Owing to the horror which was felt by the writers of that age for the heresies of Bacon, his influence was very small. While Albertus Magnus was entertaining kings, and while Aquinus was the honored expounder of ecclesiastical doctrine, their contemporary and peer was languishing in confinement. His immense work was done in spite of his disgrace. His pupils received his doctrines and through them his ideas gained currency. His writings are scarcely mentioned by the authors of the fourteenth and fifteenth centuries, but we know of at least three cases in which they exerted a profound influence. The admirable doctrine of optics set forth in his work on perspective was known to Descartes, beyond a doubt, and cannot have failed to direct the thoughts of the philosopher to whom we owe the foundation of our modern theories. Again, Paul of Middleburg was deeply concerned with the reform of the calendar, and in his treatise on the subject made great use of Bacon's writings. It was Paul that suggested to Copernicus the need of more accurate tables of the planets, and we may fairly say that Bacon's labors came to fruition in the heliocentric theory of the world. Finally, a long passage in his Opus majus, treating of the probable proximity of Spain and India, was literally transferred (without credit) to the Imago Mundi of Peter d'Ailly. It is Columbus himself, in a letter to the King and Queen of Spain, who cites this passage as one of the authorities that put it into his mind to venture on his great voyage. Truly ideas do not die, and those of Bacon have made great changes in this little world of ours.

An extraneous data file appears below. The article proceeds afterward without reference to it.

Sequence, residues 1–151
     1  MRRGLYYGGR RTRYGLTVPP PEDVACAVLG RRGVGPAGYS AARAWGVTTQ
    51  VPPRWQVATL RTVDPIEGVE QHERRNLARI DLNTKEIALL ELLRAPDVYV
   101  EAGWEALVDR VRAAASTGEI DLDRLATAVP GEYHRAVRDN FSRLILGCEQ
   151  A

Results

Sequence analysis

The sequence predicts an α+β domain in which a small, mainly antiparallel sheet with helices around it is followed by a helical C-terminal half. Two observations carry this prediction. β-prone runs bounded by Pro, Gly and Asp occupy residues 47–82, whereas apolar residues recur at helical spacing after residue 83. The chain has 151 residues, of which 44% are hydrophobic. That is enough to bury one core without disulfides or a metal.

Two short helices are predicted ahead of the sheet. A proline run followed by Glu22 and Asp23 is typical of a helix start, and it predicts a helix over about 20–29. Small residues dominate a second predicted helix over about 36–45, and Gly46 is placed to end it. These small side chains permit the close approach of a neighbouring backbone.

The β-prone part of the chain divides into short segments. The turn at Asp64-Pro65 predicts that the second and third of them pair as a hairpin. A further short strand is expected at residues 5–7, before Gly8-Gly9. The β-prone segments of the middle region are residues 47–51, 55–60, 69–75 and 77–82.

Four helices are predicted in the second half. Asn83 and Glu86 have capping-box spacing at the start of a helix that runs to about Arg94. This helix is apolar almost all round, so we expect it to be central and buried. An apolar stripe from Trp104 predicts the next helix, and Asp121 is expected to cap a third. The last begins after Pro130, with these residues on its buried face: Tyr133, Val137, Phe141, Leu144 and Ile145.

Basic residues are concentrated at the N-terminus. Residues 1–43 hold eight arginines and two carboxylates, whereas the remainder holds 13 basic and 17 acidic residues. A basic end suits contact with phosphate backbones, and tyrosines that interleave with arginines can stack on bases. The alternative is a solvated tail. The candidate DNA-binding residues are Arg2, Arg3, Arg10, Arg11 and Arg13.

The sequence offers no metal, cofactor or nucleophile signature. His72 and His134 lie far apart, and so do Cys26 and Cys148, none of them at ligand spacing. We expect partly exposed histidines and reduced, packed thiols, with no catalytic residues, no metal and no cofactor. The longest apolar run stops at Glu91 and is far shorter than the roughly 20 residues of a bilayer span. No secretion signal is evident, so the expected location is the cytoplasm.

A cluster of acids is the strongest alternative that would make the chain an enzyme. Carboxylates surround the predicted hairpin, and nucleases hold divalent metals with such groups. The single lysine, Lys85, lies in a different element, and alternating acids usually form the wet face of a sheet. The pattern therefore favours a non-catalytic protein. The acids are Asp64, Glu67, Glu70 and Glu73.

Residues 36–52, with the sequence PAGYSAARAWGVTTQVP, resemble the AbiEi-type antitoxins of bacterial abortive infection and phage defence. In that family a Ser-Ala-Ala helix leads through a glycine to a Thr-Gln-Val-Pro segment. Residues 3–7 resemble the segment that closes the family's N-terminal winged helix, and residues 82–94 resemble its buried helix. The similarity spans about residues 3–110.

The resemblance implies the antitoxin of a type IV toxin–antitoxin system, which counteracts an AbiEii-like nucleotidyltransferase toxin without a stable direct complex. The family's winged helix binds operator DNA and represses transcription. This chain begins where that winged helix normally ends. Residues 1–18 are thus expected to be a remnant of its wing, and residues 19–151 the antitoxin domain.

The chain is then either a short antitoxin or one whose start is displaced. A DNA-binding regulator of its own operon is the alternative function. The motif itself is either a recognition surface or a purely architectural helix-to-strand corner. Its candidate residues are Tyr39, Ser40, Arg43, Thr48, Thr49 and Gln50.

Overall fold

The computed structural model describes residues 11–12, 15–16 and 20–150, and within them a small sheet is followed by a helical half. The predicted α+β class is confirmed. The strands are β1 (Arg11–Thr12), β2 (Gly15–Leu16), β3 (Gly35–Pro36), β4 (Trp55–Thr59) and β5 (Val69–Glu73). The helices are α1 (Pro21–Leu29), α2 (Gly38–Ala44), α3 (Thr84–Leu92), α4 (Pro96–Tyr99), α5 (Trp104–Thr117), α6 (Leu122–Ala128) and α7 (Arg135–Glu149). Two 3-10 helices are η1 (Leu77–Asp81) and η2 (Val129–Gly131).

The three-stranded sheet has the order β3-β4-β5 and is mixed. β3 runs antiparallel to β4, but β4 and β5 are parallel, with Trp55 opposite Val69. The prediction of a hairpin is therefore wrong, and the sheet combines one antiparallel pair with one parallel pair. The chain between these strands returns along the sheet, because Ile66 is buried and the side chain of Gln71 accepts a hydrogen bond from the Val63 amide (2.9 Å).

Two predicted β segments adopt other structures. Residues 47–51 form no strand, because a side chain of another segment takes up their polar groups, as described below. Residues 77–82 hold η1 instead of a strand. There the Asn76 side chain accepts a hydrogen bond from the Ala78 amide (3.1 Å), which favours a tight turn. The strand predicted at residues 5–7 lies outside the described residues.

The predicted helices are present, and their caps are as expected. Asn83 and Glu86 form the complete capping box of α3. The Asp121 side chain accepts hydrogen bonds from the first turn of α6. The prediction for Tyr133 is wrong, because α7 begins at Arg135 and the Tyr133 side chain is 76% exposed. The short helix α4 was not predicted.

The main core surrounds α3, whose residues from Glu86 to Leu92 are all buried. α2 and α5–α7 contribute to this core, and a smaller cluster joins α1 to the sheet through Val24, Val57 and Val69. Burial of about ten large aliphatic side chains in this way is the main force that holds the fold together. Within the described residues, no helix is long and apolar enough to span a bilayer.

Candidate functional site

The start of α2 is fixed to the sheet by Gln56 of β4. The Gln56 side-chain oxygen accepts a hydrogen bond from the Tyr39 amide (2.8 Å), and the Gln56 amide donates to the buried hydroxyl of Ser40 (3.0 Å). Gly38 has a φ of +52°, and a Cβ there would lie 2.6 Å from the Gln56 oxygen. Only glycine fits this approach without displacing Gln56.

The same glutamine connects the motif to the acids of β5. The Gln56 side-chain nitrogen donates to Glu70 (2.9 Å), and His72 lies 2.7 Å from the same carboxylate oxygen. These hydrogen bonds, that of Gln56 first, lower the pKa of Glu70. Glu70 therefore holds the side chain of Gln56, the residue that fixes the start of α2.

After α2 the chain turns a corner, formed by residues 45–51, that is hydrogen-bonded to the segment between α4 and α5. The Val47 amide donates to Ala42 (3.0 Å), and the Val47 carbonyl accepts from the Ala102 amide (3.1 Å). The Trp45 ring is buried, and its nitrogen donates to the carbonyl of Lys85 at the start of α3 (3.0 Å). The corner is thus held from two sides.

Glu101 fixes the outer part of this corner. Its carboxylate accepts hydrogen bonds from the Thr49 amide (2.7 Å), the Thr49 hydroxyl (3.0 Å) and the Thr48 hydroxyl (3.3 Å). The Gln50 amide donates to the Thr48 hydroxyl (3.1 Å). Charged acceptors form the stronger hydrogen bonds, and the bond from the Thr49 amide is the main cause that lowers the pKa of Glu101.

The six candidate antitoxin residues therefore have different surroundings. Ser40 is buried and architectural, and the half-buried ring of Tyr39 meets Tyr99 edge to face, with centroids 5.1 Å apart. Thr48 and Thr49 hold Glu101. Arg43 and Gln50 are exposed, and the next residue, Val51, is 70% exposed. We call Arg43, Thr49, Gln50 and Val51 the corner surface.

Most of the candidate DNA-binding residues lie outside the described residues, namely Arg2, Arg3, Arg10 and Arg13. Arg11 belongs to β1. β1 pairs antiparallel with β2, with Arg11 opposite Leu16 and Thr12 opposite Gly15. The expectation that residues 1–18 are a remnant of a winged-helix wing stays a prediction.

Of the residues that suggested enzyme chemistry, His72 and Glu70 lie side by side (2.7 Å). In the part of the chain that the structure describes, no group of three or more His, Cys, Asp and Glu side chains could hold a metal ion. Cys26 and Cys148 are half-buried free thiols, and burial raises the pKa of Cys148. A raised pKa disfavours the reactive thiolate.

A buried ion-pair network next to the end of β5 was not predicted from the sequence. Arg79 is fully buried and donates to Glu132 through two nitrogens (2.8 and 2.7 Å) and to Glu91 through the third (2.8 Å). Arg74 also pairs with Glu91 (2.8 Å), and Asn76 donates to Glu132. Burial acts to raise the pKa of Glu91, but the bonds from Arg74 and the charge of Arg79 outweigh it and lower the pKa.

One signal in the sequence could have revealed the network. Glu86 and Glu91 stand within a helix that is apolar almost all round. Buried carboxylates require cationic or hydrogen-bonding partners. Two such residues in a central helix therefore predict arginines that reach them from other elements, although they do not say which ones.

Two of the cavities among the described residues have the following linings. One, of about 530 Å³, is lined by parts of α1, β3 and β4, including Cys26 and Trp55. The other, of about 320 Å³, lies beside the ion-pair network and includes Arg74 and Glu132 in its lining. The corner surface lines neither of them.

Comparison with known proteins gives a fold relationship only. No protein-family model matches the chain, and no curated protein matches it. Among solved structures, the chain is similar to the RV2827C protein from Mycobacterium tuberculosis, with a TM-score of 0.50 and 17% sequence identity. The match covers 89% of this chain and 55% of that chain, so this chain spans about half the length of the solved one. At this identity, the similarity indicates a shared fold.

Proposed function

We may pass over his influence upon the metaphysical controversies of his time, though it was not small. He was thoroughly versed in scholastic dialectic and was much concerned to combat the pantheistic theories of Averroës and his school. He is of the strictest sect of the Nominalists, with a reasonable practicality all his own. "The prevalent view," he says, "is that universals exist only in the mind. Yet two stones would be like one another even though there should be no mind to perceive them. But it is precisely this likeness of the two stones that constitutes their universal." How modern it sounds! How crisp and neat, like a French logician. With Bacon as with others whom we call the ancients, we perpetually meet the modern note. A man's character is his fate was not written by Taine or Stendhal, but by Heracleitus five centuries before the Christian era.

Bacon proposed to Clement IV. the reform of the calendar in sagacious and artfully presented terms. He points out to the pope the errors of the accepted lunar tables, and proves that after a series of years the moon will be a full moon in the sky, but a new moon in the calendar. Nothing could be neater than the presentation of this dilemma.